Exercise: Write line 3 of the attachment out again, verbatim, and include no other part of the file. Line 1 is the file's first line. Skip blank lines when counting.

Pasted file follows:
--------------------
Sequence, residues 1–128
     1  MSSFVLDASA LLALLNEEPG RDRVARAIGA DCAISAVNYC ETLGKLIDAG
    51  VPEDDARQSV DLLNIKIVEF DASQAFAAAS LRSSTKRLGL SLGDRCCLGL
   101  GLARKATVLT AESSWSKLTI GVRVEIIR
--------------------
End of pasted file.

    51  VPEDDARQSV DLLNIKIVEF DASQAFAAAS LRSSTKRLGL SLGDRCCLGL